The Cameron Newton Conundrum

How do you stop a 6-foot-6, 250-pound quarterback who runs just as well as he throws? As practice preparations for Auburn kicked off in Baton Rouge, Cam Newton was all the rage.

BATON ROUGE --- With the week eight hype around dual-threat quarterback and Heisman candidate Cam Newton, you would think the Auburn signal caller leads the SEC in passing efficiency (he does) and rushing (he does).

With the way the LSU defense harped on his name before and after practice on Monday, it goes without saying that this week is as much about stopping Cam Newton as it is about stumping offensive coordinator Gus Malzahn.

“He puts anybody in a bind,” said senior linebacker Kelvin Sheppard. “He’s a great player with tremendous talent.”

The praise didn’t stop there.

Cornerback Patrick Peterson called Newton one of the best dual-threat quarterbacks he has ever seen on film, drawing comparisons to 6-foot-3, 225-pounder Ryan Perrilloux, a former LSU quarterback turned dismissed talent.

“He gets carries like a running back and can throw like a quarterback,” Peterson said.

Another popular name for comparison: 6-foot-6, 238-pound Arkansas quarterback Ryan Mallett, who the Tigers bested in a comeback win in Baton Rouge last November.

Speaking on size, Mallett and Newton are nearly identical.

Speaking on talent, Newton’s game takes off in a different direction – making this weekend all the more difficult for linebackers like Sheppard.

“Mallett is a pocket passer, and Cam Newton is a dual-threat,” he said. “A 6-foot-6, 250-pound quarterback is hard to stop. I see the highlights and he is always on them every Saturday.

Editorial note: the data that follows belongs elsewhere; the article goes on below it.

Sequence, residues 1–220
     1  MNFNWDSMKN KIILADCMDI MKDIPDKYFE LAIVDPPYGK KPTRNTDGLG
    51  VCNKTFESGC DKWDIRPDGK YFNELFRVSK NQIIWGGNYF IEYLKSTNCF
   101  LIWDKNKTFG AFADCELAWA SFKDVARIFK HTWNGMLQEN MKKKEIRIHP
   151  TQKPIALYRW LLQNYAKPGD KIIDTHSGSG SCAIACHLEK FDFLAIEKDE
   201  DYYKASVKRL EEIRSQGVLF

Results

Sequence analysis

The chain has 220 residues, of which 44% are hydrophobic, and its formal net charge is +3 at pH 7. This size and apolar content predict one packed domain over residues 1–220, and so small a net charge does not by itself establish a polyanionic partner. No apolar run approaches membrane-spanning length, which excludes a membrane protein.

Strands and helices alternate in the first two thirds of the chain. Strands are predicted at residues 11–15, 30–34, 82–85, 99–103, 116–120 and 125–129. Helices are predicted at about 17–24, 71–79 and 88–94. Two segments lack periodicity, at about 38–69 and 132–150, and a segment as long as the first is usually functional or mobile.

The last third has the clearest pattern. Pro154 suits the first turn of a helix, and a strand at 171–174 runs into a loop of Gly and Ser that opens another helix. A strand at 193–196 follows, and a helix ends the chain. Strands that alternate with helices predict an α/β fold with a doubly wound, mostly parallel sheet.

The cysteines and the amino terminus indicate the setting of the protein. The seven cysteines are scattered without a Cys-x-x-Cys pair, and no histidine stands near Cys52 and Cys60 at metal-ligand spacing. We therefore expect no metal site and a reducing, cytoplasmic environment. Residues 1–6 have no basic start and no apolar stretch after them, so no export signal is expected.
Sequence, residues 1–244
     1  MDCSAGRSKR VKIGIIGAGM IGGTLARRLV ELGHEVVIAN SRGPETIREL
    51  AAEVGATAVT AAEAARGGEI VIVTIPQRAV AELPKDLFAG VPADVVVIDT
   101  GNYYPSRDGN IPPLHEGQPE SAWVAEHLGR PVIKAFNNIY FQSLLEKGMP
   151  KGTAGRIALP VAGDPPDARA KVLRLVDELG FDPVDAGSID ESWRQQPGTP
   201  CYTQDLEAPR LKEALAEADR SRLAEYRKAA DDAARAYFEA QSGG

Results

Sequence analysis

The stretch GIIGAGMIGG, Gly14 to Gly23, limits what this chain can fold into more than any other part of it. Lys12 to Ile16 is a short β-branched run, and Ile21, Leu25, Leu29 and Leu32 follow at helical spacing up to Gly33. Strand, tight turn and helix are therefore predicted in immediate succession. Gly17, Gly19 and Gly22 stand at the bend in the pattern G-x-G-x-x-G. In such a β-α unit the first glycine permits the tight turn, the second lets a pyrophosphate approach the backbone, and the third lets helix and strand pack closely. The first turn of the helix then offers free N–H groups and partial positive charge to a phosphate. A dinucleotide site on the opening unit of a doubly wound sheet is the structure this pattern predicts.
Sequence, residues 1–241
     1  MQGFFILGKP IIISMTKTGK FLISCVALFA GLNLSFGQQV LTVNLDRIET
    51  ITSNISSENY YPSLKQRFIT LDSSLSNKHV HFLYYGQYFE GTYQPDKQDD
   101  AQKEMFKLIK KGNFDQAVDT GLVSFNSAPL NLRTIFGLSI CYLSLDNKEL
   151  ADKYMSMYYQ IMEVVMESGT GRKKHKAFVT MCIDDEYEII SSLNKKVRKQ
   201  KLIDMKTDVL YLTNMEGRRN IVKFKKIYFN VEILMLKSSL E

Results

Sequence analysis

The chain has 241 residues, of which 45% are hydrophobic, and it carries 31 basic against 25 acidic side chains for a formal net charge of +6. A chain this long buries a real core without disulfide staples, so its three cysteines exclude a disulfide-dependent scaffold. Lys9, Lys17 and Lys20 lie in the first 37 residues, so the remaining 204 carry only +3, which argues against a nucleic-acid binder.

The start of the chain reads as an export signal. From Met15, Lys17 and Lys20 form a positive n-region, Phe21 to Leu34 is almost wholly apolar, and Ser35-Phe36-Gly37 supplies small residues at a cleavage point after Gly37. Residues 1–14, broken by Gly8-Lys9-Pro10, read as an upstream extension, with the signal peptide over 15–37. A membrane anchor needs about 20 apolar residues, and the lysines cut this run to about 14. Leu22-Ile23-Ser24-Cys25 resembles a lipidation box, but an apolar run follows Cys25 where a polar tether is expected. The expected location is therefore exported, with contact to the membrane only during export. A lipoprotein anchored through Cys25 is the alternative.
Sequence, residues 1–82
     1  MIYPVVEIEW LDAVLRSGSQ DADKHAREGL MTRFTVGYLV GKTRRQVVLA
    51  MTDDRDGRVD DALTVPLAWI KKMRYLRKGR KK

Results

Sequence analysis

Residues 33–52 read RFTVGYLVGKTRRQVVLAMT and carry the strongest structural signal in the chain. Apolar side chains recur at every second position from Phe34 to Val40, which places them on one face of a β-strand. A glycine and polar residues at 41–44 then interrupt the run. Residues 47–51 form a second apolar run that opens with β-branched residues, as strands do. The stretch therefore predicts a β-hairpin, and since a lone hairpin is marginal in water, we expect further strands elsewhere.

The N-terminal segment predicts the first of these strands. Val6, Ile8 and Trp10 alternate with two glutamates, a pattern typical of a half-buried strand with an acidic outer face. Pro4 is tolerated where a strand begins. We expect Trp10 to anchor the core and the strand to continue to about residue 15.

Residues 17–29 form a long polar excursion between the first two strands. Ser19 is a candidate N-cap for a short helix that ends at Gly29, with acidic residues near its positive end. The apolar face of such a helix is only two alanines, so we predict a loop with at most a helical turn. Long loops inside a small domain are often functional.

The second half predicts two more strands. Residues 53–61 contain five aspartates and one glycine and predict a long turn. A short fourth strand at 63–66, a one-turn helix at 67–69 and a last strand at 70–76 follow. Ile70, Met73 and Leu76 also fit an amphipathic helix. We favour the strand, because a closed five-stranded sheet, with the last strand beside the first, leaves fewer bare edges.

“To be able to move like he does, that’s all you need to say. I have never played against anyone like him. The only person you could compare to him would be (Ohio State quarterback) Terrell Pryor.”

How to stop – or at least slow – Newton, a player that Miles admits he can’t replicate when it comes to the week’s scout team quarterback?

For one, don’t count on defensive coordinator John Chavis to assign just one man to the task.

“In this league I doubt any coordinator would tell their defensive guys to just spy one guy,” Sheppard said. “When you do, it takes you out of your scheme by assigning a player to one person on the team. That opens up a lot of holes on your defense.”

Instead the approach is to bring pressure (lots of it) - then make sure that all 11 guys get to the ball.

“I am going to hit him and hope the other 10 guys hurry up and help me get that tree down,” Peterson said. “You definitely can’t hit that guy high. You have to roll-tackle.”

Another key word: unpredictability.

“If he knows you are dropping back, he’s going to take off running and beat you all day with his legs,” Sheppard said. “If you show you are coming up, he will give you a little play action and throw it. You have to be unpredictable.”

If Newton gets outside and to the next level, watch out. A quick-mover in the open field, the junior transfer has an uncanny ability to use his size when punishing opponents. During a 25-carry, 188-yard effort against the Razorbacks last Saturday, Newton’s knack for laying the final hit shined through to LSU starting safety Brandon Taylor.

“I have seen what he does to defensive backs, and that’s very intimidating,” Taylor said. “I like to tackle for legs, and that’s going to be a big challenge.

“I am just going to stay with my man and hope the d-line will keep him contained, then we can get that Mustang package on the field on third-downs and get after him.”

For Miles, Newton fits into a league of his own – a player unlike any other that the Tigers have or will face this fall.

The lowest total the junior has passed for on the year was 136 yards against Mississippi State. In the six games that Newton has carried the ball 15 times or more, opponents have held him to under 100 yards only twice – once against Mississippi State and again the next week versus Clemson.

As for what the Bulldogs did right in their 17-14 home loss to Newton and Co. in week two?

“I think Mississippi State tackled extremely well, and they held the ball on offense,” Miles said. “They moved the ball on the ground and did not necessarily turn it right back to Auburn.”

Whether Miles copies the blueprint remains to be seen, but there’s no wonder as to where the collective mind of the LSU defense is focused as the gameplan is put into place.

“I thought Tim Tebow was one of a kind, and I think Cam Newton is one of a kind,” Miles said. “Legitimately, he’s a Heisman contender.”


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